“The ‘AUKUS’ (Australia-United Kingdom-United States) defence agreement was announced in a joint press conference with US President Joe Biden and UK Prime Minister Boris Johnson two weeks ago on September 15 and was headlined by Australia’s commitment to purchase nuclear-powered submarines from the US or UK. As a result of the new agreement Australia terminated the existing agreement with France to purchase new diesel-powered submarines.
“Unsurprisingly this has not gone down well with France which recalled its ambassador to Australia over the change in policy. The French have also indicated that the potential EU-Australia Free Trade Deal currently being negotiated will be unlikely to be completed anytime soon. It is worth remembering the French President Emmanuel Macron faces a Presidential Election early in 2022 around the same time Australians are set to go to the polls at the next Federal Election.
“Although the new AUKUS defence agreement grabbed a lot of headlines it is still the situation with COVID-19 in Australia that is driving political sentiment. This is evident when looking at Government Confidence around the various States. Government Confidence is well above 100 in the non-lockdown States of Western Australia (111.5) and Queensland (109.5) while nearly 30pts lower in the most locked down State of Victoria (82).
“Government Confidence in NSW is now at 96, significantly higher than Victoria, and this is likely due to the faster re-opening plan for the State when compared to their southern neighbours. NSW is certain to re-open in the next two weeks while Victoria is set to remain in lockdown for at least another month until late October or even early November.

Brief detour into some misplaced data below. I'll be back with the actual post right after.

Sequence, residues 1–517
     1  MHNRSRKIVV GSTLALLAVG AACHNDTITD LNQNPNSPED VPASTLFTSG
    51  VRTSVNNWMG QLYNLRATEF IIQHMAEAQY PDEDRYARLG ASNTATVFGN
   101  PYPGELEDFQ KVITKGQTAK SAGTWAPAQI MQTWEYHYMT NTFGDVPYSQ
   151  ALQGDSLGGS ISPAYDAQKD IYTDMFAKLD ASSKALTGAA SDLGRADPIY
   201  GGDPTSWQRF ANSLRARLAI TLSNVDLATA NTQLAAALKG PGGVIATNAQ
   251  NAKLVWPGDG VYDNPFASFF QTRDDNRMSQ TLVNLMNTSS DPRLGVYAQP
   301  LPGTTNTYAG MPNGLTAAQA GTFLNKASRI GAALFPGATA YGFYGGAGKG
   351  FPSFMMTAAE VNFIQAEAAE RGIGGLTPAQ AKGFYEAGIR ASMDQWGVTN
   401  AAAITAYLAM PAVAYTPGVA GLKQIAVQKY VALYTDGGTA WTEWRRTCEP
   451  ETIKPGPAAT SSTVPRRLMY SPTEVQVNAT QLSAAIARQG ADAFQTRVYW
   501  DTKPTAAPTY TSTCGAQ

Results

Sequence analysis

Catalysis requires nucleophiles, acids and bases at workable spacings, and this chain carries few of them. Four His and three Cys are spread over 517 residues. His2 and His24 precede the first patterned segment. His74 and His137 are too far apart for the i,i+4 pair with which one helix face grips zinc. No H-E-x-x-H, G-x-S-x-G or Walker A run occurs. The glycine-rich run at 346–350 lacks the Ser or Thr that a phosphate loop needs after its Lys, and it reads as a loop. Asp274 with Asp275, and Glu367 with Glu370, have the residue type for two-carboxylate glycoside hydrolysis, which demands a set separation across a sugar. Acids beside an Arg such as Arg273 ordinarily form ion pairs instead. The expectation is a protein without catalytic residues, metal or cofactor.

“The ongoing lockdowns are continuing to hand the advantage to the ALP which leads comfortably on a two-party preferred basis in Victoria: ALP 56% cf. L-NP 44% and also leads by a clear margin in NSW: ALP 53.5% cf. L-NP 46.5%. The ALP also leads on a two-party preferred basis in WA, SA and Tasmania while the LNP leads only in Queensland – traditionally its strongest State.”
Electors were asked: “If an election for the House of Representatives were held today – which party will receive your first preference? and “Generally speaking, do you feel that things in Australia are heading in the right direction or would you say things are seriously heading in the wrong direction?”
This Roy Morgan Poll on Federal voting intention and Roy Morgan Government Confidence was conducted via telephone and online interviewing last weekend. Roy Morgan interviewed 2,752 Australian electors aged 18+ on the weekends of September 18/19 & 25/26, 2021. A higher than usual 8% of electors (unchanged from mid-September) can’t say who they support.
For further information:
|Gary Morgan:||+61 3 9224 5213||+61 411 129 094|
|Michele Levine:||+61 3 9224 5215||+61 411 129 093|
Australian Federal Voting Intention: Two-Party Preferred (2019-2021)
Source: Roy Morgan Single Source. Average interviews per fortnight n=2,000. May 2019–Sept. 2021. Base: Australian electors 18+.
Margin of Error
The margin of error to be allowed for in any estimate depends mainly on the number of interviews on which it is based. Margin of error gives indications of the likely range within which estimates would be 95% likely to fall, expressed as the number of percentage points above or below the actual estimate. Allowance for design effects (such as stratification and weighting) should be made as appropriate.
|Sample Size||Percentage Estimate|
|40% – 60%||25% or 75%||10% or 90%||5% or 95%|